Of course all this TPRM is great but without a continuous monitoring element, reports and questionnaire results from vendors are outdated as soon as the inkjet dries on the paper. This means of course a risk management office function may well be called for with continuous governance over vendor risk
Step 8 : Incident Management
In all likelihood, you may have fairly well developed incident management policies and procedures in place for your on-prem systems. The challenge is now in the shifting sands of trust. Once upon a time DFIR (Data Forensics Incident Response) in the cloud was unpalatable to security pros. Concerns expressed by investigators in a recent survey by SANS (RSA Conf 2018) included the need to access the underlying information needed for forensic examination from a cloud solution, lack of understanding as to what information from the cloud provider is required for analysis and hesitancy about multi-tenancy. These concerns however have started to change with DFIR cloud platform images which can be spun-up quickly to handle ingestion and analysis of large amounts of data. AccessData and several others have ventured heavily into the solutions space over the last 2 years.
While each of the CSP’s offer their own playbooks and best practices, it’s important to understand what to look for in your incident response planning. In AWS, the focus should be on four log sources of Config + Cloudwatch + Cloudtrail + Lambda. So, following the taxonomy of many attacks, attackers enumerate the environment with general “Get*/List*” API type commands for example list permissions, get environment resources. This is followed scanning type activity under the category Resource Data/Event/Collection i. e. API Get*/Describe*/List*/Lookup* then exploitation of resources under the category Creation/Modification/Deletion i.e. Delete*/Disable*/Remove*. This is all frequently finished up with log tampering and/or deletion by the attackers. When investigating potential breaches it’s good to be prepared, which is why an increasing common practice in the cloud is to set up a an isolation VPC which as it seems. is isolated from the rest of the cloud with it’s own segmented access to the internet. The additional step of turning on VPC flow logs (akin to NetFlow) will capture network traffic. This approach is useful where compromised systems can be placed in the VPC for containment and analysis. I found a useful resource to get started on DFIR by looking at the SANS DFIR Youtube channel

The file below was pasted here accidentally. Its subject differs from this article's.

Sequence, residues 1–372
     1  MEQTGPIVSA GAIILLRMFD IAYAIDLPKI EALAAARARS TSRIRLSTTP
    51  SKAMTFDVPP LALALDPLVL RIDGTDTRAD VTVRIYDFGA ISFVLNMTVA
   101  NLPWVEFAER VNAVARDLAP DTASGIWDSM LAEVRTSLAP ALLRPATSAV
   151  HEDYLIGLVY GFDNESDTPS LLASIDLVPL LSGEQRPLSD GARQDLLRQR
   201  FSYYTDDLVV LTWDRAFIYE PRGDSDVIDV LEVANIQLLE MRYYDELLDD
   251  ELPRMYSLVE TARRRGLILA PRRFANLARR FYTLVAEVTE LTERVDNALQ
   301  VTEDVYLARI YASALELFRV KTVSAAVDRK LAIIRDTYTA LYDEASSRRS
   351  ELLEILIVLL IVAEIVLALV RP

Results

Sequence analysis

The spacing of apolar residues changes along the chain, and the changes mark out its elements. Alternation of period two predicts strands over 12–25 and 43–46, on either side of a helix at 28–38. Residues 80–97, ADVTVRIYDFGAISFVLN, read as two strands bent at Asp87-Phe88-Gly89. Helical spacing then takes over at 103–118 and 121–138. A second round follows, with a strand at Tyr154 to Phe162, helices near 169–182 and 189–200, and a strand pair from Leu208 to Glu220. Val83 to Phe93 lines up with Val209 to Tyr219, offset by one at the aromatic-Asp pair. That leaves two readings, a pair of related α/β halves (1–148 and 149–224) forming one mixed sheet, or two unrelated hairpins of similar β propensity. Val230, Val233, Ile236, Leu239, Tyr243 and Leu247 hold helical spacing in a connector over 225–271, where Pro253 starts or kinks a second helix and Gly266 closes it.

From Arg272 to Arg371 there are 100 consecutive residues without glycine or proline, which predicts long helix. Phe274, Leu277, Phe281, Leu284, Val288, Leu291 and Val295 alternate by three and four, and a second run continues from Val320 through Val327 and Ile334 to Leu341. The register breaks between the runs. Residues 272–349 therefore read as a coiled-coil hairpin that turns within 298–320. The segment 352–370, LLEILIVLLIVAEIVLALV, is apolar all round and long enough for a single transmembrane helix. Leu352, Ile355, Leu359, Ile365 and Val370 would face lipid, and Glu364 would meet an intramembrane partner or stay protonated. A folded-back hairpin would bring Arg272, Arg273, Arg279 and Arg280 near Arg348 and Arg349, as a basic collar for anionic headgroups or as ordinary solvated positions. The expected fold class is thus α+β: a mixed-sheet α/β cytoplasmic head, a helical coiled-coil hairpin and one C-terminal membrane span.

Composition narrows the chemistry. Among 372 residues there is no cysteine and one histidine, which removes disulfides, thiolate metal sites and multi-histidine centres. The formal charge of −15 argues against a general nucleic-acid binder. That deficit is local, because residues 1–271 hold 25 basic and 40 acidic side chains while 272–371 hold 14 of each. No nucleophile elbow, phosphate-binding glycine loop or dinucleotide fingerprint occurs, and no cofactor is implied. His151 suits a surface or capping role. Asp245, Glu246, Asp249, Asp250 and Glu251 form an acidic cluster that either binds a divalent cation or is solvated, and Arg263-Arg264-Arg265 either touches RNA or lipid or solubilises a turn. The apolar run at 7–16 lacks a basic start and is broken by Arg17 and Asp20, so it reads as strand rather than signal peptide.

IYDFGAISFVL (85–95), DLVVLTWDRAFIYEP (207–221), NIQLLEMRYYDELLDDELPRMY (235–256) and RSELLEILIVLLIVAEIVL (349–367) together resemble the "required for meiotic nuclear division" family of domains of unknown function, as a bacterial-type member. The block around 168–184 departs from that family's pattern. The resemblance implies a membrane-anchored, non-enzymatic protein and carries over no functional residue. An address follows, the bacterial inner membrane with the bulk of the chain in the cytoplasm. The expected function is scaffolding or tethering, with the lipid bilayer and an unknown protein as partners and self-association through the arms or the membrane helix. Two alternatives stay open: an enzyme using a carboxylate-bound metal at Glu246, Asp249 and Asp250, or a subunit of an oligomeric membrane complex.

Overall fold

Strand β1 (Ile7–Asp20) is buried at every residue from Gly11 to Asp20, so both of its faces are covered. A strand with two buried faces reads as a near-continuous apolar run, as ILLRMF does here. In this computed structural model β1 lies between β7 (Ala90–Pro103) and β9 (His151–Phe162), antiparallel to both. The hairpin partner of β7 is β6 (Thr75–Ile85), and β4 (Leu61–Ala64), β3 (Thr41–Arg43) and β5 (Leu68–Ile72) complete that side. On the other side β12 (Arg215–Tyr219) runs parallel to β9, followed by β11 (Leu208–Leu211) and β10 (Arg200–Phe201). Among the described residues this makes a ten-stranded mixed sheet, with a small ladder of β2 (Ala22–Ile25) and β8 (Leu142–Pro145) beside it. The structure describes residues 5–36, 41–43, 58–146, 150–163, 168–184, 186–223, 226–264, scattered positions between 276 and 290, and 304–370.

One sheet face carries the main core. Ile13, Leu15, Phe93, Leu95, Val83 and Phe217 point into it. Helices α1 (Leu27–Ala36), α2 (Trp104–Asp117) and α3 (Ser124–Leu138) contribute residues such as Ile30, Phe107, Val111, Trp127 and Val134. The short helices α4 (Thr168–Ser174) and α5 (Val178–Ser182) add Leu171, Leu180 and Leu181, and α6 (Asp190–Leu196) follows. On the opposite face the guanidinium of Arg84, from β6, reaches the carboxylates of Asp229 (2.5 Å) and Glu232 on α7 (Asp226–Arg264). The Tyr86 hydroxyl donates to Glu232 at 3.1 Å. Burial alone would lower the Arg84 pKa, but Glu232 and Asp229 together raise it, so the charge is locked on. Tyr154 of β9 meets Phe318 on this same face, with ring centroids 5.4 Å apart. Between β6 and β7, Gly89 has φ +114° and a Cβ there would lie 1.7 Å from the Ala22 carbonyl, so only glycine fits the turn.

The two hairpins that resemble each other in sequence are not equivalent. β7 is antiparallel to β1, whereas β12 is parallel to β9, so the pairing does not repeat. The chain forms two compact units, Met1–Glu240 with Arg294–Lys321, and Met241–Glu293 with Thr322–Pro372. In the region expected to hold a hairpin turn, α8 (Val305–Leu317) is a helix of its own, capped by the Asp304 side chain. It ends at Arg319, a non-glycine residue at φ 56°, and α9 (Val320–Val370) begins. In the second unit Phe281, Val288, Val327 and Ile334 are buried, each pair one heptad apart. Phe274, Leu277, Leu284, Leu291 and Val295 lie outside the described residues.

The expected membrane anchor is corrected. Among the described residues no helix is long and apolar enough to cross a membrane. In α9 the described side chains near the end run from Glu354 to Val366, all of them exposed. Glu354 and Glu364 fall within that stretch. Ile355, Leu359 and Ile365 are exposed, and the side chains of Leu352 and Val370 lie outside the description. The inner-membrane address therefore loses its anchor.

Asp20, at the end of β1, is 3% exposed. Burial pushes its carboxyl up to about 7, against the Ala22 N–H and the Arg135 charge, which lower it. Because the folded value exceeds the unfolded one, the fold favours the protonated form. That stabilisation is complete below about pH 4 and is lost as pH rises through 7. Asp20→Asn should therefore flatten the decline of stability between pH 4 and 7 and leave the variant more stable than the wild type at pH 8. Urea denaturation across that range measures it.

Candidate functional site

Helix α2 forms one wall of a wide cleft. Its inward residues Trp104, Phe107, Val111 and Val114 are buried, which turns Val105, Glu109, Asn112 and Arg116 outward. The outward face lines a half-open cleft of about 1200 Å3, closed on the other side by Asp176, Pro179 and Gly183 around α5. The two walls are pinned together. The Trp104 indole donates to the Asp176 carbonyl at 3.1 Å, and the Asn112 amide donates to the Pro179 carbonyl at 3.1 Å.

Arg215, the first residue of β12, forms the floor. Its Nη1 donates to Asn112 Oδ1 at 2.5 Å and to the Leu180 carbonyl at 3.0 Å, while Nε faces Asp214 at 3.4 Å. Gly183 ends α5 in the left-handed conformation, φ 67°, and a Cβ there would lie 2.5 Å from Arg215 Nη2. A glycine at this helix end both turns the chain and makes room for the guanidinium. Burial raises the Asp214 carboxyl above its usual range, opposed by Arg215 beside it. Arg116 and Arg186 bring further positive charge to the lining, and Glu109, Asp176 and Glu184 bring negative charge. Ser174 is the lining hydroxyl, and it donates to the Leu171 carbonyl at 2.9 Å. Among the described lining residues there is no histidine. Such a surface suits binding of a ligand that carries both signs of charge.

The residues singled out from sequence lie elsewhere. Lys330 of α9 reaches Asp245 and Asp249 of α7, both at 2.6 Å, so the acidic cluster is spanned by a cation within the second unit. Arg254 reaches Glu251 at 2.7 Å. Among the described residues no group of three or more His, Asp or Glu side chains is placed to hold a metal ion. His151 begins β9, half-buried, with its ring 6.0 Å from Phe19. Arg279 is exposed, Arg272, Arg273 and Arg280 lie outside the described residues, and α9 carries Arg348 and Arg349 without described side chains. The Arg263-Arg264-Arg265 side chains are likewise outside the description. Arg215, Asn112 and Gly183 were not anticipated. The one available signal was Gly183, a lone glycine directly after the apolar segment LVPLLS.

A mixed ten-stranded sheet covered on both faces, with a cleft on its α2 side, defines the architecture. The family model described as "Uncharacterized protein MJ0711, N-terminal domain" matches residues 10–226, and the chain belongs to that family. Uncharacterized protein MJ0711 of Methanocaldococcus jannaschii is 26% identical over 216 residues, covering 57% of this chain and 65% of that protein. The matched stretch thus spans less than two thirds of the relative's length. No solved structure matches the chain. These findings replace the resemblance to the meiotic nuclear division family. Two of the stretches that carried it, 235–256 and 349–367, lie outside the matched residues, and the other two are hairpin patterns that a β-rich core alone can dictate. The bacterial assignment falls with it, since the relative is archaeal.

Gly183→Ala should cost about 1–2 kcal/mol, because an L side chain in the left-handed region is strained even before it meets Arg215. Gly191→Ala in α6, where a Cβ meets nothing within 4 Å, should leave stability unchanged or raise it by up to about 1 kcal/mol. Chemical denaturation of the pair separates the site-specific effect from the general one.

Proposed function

Of course it’s worth mentioning again that for any incident response to work, logging has to be enabled everywhere, whether its Azure Log Analytics, Azure Monitor or AWS Cloudtrail / Cloudwatch. If it moves log it !!!
Step 9 : Encryption
Getting a handle on encryption across your cloud deployment is likely the top technical control implementation next to mastering IAM. In tackling encryption, I see a three-fold approach which looks at the following areas; a) specific threats and mitigation’s to data at rest and in transit: b) general Industry framework guidance: & c) CSP architectural guidance on this area.
For ‘a)’, we can look at many of OWASP’s top 10 risks such as “broken user authentication” , “excessive data exposure” and “security misconfiguration” which all highlight the need for encrypted authentication keys and/or passwords as they relate to cloud objects objects and APIs and the need to enable TLS encryption while disabling insecure services such as HTTP. These top 10 risks closely match actual exploits which have led to some of the largest industry breaches in history. Stolen AWS root keys, unencrypted S3 buckets, weak encryption schemes, unencrypted databases & emails, expired security certificates and others are all part of the usual suspects in encryption breach-lore.
For ‘b)’, general industry framework guidance. I would first look at the Cloud Security Alliance and their “Security Guidance for Critical Areas in Cloud Computing v4.0”. Domain 11 is entitled “Data Security and Encryption” which is a good primer for encryption principles in the cloud. This primer is a good accompaniment for their Cloud Controls Matrix which can be used to implement specific controls in your environment. ISO-27017 is also another port of call for higher level governance controls in it’s “Cyptographic Controls” domain (10). Then, when your ready to be tech’ed out extremo, CIS benchmarks are available for free download (with registration) to get to the command, trench level of enabling encryption services for AWS, Azure and GCP.